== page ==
Sarandon is a gritty, hard-charging rock band. They hit with a punk speed and fury, but with a prog-rock scope and precision. Their new record, Age of Reason, is—with all that in mind—very much a concept album about a frustrated man named Big Trev, who’s determined to change his mundane life. The songs themselves show the frustration and passion behind this want, from the herky-jerky pop of “Big Trev” to the hefty funk-rock of “Dinosaur”. Throughout the album, the players churn with energy, turning out cutting angles on the guitars, gut-rumbling bass and driving, floor-shaking percussion. Sarandon would be a force on this record, but unfortunately the “concept” part gets in their way. Big Trev jumps in between tracks and rambles about his lot in life during spoken-word snippets, and they do little for the album besides get in the way of some solid rock songs. When Sarandon displays their many skills, Age of Reason is a heck of a listen. But when the concept album pretensions work their way in, this becomes a bit of a slog.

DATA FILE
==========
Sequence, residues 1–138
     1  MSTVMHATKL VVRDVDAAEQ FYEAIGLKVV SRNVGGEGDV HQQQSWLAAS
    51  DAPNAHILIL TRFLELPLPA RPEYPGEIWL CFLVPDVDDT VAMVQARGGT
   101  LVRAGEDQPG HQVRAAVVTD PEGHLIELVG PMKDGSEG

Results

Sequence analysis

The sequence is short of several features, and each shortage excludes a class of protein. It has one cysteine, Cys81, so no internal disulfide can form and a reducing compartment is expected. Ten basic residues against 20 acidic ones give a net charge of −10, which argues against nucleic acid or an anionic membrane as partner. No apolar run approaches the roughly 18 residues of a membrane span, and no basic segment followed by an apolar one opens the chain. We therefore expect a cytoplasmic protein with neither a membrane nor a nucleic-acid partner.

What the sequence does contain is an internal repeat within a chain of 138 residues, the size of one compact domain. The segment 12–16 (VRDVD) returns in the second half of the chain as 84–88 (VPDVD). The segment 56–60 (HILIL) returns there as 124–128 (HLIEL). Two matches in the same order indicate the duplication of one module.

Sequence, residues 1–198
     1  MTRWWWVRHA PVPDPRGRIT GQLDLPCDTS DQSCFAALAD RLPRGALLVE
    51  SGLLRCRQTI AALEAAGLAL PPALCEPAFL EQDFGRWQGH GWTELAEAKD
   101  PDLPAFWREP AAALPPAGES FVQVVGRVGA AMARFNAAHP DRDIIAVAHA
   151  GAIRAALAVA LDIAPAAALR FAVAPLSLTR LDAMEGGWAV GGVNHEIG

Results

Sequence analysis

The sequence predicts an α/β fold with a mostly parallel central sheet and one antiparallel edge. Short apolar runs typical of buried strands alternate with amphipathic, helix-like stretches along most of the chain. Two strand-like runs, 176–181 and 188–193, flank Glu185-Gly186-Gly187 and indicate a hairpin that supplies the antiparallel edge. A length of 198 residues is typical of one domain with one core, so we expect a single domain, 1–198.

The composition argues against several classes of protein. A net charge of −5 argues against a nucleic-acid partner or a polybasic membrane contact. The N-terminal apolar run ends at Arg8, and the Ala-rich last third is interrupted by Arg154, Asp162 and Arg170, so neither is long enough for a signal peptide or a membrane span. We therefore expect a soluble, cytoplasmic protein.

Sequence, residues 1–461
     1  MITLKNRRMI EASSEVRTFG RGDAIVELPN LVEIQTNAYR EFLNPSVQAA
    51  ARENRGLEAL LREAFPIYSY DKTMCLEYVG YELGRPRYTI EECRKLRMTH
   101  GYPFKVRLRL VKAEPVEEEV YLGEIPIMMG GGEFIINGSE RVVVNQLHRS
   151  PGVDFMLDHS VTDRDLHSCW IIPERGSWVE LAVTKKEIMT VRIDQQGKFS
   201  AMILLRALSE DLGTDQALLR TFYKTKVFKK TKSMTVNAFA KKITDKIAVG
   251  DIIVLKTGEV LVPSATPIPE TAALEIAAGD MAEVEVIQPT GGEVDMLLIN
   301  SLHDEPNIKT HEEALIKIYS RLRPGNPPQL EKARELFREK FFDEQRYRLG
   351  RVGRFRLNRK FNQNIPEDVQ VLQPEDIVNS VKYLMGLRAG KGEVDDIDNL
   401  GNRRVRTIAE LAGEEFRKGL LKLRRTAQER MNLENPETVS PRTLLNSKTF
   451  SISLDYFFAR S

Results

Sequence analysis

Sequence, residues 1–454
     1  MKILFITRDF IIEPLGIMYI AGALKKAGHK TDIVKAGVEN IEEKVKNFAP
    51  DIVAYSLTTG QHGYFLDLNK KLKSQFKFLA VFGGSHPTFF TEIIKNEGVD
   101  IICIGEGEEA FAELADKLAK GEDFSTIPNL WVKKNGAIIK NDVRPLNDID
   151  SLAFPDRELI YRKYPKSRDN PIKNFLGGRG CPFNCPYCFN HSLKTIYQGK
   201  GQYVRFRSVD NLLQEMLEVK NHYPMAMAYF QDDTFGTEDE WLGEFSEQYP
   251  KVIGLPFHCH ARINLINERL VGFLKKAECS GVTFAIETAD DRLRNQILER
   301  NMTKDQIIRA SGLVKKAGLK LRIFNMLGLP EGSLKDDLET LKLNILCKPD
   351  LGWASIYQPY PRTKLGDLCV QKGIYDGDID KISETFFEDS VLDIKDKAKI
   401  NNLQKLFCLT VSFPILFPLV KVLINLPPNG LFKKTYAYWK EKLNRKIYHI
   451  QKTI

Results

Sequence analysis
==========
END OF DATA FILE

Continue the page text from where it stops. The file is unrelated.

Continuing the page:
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// Notes from the Road
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